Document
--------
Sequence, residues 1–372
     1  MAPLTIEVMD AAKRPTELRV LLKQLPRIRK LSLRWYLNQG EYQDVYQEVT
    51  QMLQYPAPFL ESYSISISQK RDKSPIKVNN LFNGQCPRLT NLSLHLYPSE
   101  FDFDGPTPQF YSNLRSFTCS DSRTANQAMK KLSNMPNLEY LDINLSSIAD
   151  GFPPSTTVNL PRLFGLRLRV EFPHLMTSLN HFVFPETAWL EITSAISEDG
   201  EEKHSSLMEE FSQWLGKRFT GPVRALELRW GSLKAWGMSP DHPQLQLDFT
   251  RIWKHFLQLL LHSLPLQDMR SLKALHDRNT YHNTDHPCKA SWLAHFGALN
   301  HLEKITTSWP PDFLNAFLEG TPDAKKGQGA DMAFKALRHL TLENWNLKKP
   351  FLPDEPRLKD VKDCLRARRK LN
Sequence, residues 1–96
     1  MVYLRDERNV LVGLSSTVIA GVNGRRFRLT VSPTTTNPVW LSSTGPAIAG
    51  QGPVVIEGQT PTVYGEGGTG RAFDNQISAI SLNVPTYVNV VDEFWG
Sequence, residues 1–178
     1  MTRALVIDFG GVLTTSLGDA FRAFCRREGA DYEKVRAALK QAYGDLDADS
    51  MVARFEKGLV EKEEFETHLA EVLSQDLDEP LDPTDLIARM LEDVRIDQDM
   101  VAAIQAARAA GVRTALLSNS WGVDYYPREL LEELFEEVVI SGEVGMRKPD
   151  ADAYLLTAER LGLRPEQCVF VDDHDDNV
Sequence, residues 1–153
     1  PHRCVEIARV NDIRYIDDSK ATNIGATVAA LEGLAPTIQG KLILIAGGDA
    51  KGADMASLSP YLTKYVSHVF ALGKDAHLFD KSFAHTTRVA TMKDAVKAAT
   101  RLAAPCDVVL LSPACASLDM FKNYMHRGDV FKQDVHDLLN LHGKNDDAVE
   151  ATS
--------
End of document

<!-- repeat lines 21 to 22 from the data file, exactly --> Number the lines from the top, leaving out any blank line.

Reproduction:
   101  RLAAPCDVVL LSPACASLDM FKNYMHRGDV FKQDVHDLLN LHGKNDDAVE
   151  ATS